M1 CARBINE KING ARMS – Review
Part 2 – Disassembly
The replica requires no special tool, Phillips and flat screwdrivers and hex keys are enough.
1 – Remove the sling holder by loosening the screw without needing to remove it completely.
2 – Slide the sling holder forward.
3 – Remove the upper handguard.
4 – Remove the Phillips screw that holds the barrel on the stock.
5 – Remove the screw on the back of the receiver.
6 – Put the replica on her left side and gently remove the mechanics from the stock.
7 – Remove the spring guide rod, his cap and the spring.
8 – Remove the screw under the rear sight on the right side.
9 – Remove the two screws on the left side of the receiver.
10 – Put the replica on her left side and move back the cocking lever until the notch.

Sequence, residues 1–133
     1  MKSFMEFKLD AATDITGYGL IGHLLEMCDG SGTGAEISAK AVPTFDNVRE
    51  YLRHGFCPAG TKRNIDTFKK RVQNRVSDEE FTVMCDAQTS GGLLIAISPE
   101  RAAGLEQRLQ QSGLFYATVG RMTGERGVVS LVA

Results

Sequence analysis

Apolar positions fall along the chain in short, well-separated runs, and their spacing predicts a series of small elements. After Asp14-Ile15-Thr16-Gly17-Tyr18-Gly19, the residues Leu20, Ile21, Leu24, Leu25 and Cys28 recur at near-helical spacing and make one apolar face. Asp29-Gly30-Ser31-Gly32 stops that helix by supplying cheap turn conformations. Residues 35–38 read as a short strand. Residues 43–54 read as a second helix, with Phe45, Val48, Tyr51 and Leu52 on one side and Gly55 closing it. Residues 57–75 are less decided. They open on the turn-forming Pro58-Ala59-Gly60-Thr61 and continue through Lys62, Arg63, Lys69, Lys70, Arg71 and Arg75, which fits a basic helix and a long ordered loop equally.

11 – Spread slightly the two parts of the receiver, just enough so that the cocking lever is no longer maintained in its tracks.
12 – Remove the cocking lever from its tracks.
13 – Separate the two parts of the receiver.
14 – Set aside the slide and its nozzle.
15 – Do not lose this rubber part.
16 – Remove the 2 screws that hold the barrel on the receiver.
17 – Same for the screws of the hop-up unit.
18 – Just remove the barrel.
19 – Separate the outer and inner barrel. You feel the scam made in King Arms?
20 – Remove sling holder and bayonet lug. It is also possible to remove them from the start by removing the front sight.
21 – You can remove the front sight by unscrewing the hex screw. But as it’s pretty boring to properly readjust it, do it only if it is not well placed!
22 – For the rear sight, remove the pin at the end of the adjusting screw and unscrew it. Be careful not to lose the small pin and spring that are in the head of the big screw.
23 – And remove the two Phillips screws.
And now your M1 Carbine is disassembled. I have not dismantled the trigger assembly that seems complex and that don’t necessarily require a disassembly unless it breaks.
Those who have already dismantled a Marushin M1 will not be disturbed. There are a few minor differences that do not change much … That’s the problem! I will detail all this in the next chapter.